According to a report on BBC today, industrialized nations promised Africa US$ 400 million per year to cope with climate change …and payments were supposed to start in 2001. That means that there should have been 400 x 9 or 360000000  or put it this way 3.6 trillion dollars sent to AFrica. Well, to date only US$ 260m (not even 10% of the promise)  has been placed in a bank and the rest cannot be accounted for.

It’s in todays headlines:

Africa seeks climate change cash

Climate change help for the poor has not materialised

So, whatever promises are made in Copenhagen, get drunk but don’t bother cheering  – divide promises by about 12 and you’ll find we’re on the trajectory to frying the planet. Lets face it Africa is already frying.

Carbon payments and offsetting MY ASS

What can we do as Kenyans? Well Rafiki Kenya is undertaking  a great solution patented by @kahenya – it’s called swear for trees and it might help to relieve your tension but will do nought for climate change.

I have a better idea – the climate change calculator puts a huge amount of emphasis on what we buy and how we travel so I should change my car for a motorbike, stop international travel (my one flight to China costs the atmosphere 5.16 tons – equivalent to 15,000 km of driving in my car! A flight to NYC from Nairobi costs 2.7 tons. Equivalent to using a motorbike all year long. Damn.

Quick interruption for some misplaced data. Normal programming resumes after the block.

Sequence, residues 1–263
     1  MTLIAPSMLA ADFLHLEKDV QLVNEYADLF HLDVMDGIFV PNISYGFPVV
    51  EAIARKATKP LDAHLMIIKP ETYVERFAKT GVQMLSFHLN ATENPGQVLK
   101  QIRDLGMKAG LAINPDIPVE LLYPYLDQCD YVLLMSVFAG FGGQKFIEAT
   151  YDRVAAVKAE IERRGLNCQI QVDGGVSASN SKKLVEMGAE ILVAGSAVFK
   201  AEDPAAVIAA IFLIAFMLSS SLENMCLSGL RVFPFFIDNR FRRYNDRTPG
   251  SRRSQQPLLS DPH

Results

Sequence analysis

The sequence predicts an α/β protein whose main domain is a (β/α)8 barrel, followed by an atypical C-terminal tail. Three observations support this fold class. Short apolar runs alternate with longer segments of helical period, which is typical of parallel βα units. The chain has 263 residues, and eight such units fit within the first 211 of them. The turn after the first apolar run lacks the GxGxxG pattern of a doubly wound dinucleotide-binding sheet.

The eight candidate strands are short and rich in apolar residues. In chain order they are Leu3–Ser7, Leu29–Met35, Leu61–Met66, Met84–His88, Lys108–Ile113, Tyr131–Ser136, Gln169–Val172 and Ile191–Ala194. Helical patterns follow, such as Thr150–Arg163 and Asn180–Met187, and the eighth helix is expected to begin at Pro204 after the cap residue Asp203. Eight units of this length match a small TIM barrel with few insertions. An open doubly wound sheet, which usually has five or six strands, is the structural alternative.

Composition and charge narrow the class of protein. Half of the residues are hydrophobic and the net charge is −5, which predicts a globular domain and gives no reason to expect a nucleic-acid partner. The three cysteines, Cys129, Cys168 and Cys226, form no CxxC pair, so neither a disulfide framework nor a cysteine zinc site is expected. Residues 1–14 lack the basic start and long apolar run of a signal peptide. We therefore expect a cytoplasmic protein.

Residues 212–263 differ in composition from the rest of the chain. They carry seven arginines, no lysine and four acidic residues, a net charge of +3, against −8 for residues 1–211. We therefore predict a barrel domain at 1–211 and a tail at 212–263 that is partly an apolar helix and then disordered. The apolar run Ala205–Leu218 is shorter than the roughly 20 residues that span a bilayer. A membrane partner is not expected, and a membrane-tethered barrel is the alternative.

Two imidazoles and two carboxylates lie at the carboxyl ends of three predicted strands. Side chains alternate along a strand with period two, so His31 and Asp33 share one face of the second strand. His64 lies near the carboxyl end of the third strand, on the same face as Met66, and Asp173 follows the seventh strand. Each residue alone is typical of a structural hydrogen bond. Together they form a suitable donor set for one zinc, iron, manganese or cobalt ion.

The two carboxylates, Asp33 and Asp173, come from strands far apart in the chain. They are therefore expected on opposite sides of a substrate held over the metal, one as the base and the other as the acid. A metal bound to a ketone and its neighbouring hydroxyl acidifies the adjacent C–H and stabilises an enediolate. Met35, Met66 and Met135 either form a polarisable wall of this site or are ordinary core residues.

I thought that being a vegetarian would count for something but that calculator seems to be faulty…

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November 25, 2009 - Posted by | Conservation

5 Comments »

  1. Thanks for linking to my post, darling, and sorry for the guys’ language in it (glad you didn’t edit it though).